Pulling the Proverbial Trigger: Eating Disorders and Media Blame This work is considered exceptional by our editorial staff.

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"Genes load the gun, and the environment pulls the trigger."

This is the consensus among many eating disorder professionals, including the NEDA (National Eating Disorders Association).
But what does that specific environment look like? What drives someone to rely on destructive attitudes and behaviors towards food in an effort to deal with emotional distress?

Many people would say, "Well, it's the media's fault. They present such an unrealistic beauty ideal to our young men and women! We must pressure them to do something about it!"
This is a valid stance and it is important to reform a fashion industry who advertises to most average American women (5'4" tall and 140 lbs.) with models averaging 5'11" tall and only 117 lbs (NEDA).

But to say it's the only trigger is not only incorrect, it's dangerous. Eating Disorders (or simply abbreviated as EDs) are not driven by one thing. Rather, there are complex factors that come together to cause an individual to develop one. They may have one or many of the factors shown most likely to trigger an ED, again from a list compiled by the NEDA:

-Low self-esteem
-Feelings of inadequacy or lack of control on life
-Depression, anxiety, anger or loneliness
-Difficulty expressing emotions and feelings
-A history of being ridiculed based on size and weight
-A history of sexual and/or physical abuse
-Cultural pressures that glorify "thinness" and place value on obtaining the "perfect body"
-Narrow definitions of beauty that only include men and women of a specific body size and shape

This is an incomplete list, but it still clearly shows how the majority of factors lie beyond the fashion industry and instead lie in an individual's past and present state of mind and history. In addition, a biological factor is at play. Having a close family member with an eating disorder increases your chances significantly as well, not only because you are exposed to disordered eating habits on a daily basis, but you may inherit certain imbalances in brain chemstry that make you more susceptible.

So if the causes are so multi-faceted, why all of the focus on media influence? There can be several reasons why. One big one is a widespread myth that eating disorders are only about food and being thin. It's understandable, since these are the most visible aspects for most. However, ED symptoms are driven by painful memories and out-of-control emotions and are an attempt to control this inner turmoil. This is why rather than simply helping a person with an ED develop healthier eating habits, they are also given intense counseling and possibly psychiatric medication. Deal with the underlying issues, and ED symptoms become that much easier to recover from.

A second reason is perhaps because people feel that it's simply easier to attack the fashion industry rather than deal with the painful subjects of rape, physical abuse and depression. Or they may not feel qualified to deal with such heavy things.
But the truth is, even though you may not be a licensed psychologist or dietician, we can all do our part to erase eating disorders from the world.

For Parents:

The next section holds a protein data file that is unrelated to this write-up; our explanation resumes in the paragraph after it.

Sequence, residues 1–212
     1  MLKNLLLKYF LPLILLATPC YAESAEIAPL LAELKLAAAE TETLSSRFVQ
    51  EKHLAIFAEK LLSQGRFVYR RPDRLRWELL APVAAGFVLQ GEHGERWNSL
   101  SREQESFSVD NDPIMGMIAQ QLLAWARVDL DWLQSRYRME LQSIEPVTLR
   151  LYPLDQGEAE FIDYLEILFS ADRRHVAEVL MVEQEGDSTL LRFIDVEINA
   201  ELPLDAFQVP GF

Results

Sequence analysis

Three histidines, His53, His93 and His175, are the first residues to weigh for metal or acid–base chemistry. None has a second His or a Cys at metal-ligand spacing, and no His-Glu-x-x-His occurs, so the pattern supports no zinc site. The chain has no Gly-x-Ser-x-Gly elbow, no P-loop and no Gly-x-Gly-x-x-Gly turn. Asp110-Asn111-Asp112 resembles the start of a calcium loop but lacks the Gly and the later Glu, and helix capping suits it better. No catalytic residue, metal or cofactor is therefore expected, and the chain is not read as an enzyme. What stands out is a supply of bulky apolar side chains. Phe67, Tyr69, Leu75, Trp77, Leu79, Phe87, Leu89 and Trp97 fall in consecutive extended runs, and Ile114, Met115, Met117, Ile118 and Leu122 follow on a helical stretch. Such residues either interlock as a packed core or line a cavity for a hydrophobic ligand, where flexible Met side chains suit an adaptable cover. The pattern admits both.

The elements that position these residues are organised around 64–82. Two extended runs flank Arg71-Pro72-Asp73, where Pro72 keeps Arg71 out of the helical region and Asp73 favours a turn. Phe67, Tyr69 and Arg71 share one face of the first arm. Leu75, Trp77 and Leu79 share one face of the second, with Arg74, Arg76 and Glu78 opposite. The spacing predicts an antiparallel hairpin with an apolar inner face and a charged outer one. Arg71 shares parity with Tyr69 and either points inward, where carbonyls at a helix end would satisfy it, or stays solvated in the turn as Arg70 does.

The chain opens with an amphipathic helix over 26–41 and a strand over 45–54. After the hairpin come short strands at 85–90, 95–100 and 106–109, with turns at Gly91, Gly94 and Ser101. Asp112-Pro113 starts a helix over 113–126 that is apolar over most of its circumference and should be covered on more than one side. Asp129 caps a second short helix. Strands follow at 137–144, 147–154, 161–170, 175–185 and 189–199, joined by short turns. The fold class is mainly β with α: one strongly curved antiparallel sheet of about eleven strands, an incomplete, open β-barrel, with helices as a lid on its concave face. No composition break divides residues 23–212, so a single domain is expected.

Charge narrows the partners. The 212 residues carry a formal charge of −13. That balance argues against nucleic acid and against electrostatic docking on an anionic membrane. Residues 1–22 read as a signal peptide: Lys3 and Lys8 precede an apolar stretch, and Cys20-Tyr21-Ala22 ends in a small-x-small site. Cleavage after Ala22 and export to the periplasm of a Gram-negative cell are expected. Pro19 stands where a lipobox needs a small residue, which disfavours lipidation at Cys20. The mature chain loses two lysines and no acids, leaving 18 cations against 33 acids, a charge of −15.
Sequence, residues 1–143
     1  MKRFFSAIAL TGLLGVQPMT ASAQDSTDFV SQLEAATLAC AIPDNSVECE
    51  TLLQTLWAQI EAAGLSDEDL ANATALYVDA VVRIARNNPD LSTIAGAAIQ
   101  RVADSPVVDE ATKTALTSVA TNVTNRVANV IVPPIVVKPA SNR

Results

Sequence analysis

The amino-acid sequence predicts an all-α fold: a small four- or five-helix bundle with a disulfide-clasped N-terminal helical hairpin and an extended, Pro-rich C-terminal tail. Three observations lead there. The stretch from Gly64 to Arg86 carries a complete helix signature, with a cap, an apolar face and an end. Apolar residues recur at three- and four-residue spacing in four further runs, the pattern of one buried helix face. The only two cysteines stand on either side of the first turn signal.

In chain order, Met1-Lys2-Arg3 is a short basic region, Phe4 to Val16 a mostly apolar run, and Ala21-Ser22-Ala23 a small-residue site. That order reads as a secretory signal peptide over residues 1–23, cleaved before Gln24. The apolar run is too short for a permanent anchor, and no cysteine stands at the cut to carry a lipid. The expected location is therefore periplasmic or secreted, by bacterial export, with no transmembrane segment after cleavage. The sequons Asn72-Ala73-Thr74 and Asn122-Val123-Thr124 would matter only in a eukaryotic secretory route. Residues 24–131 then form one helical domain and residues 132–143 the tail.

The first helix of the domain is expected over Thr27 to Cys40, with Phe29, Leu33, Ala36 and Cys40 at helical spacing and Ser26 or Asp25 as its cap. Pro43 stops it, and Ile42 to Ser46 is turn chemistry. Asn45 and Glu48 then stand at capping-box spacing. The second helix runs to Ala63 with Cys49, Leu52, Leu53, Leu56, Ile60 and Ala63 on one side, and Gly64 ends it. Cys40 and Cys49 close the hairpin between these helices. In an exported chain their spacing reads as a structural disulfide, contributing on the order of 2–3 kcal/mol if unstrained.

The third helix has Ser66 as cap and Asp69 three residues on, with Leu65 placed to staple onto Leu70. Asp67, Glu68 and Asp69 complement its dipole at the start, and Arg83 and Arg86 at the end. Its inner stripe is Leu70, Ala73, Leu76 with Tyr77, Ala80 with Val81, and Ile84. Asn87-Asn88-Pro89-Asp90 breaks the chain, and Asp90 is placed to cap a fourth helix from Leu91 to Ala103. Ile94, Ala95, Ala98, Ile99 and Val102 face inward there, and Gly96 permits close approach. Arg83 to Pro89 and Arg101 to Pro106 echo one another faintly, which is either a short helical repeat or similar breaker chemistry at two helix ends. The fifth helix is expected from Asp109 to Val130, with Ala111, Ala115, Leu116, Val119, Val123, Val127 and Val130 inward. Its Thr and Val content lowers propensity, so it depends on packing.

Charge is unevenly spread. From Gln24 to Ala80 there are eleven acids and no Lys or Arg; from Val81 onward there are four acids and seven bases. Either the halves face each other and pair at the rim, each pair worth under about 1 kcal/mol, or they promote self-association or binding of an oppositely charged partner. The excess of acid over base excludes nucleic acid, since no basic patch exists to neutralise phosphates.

-Deal with any eating or food issues you may have.
-Model healthy behaviors. Your kids are watching you all the time!
-If you son or daughter begins to show worrying signs, do not brush it off. The sometimes grim prognosis of EDs gets brighter the earlier treatment is sought.
-Early treatment and intervention for anxiety disorders and depression can also significantly cut the chances of developing an ED as well.

For Teenagers:

-It's hard with all of the media noise out there and the problems you deal with at school and home, but learn that your body really is beautiful.
-Post "affirmations" (notes with phrases such as 'I am beautiful') in prominent places you'll see them everyday. They sound cheesy at first, but you will start to improve your self-esteem a little.
-Try taking nutrition classes to help you look at foods in terms of the vitamins and other nourishment they contain, rather than their fat and calories.
-If you or someone you know thinks something's wrong with your/their food attitudes/behaviors, you're or they are probably right. Seek help from an adult you trust right away. It's not worth it to stay in the pain.

For Teenagers with Eating Disorders:

-Work towards recovery every day and be honest when you're struggling. Remember, EDs kill, recovery just hurts!
-If you're in a good place with your recovery, your first-hand experience is vital to educate others about EDs and the direct impact they have on 11 million American individuals.





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This article has 3 comments. Post your own now!

Anonymous said...
Jan. 19, 2012 at 10:02 pm
I need help. I want help. After a while of reserching, I know I have Binge Eating Disorder, and am slowly developing Anorexia. Its scary, and I wish I knew the right way to ask for help. I 'm afraid; I don't look rail thin, so how will they know I am telling the truth?
 
hjfsdjfaklsdj said...
Mar. 1, 2011 at 3:36 pm
This is a really good article and I honestly think that it gets the point across!
 
~MidnightAngel~ said...
Mar. 31, 2010 at 9:19 pm
Hum...this was varry intresting, and vary well writen. It had alot of iformation about EDs that I didn't know. Good article, keep writing:-)
 
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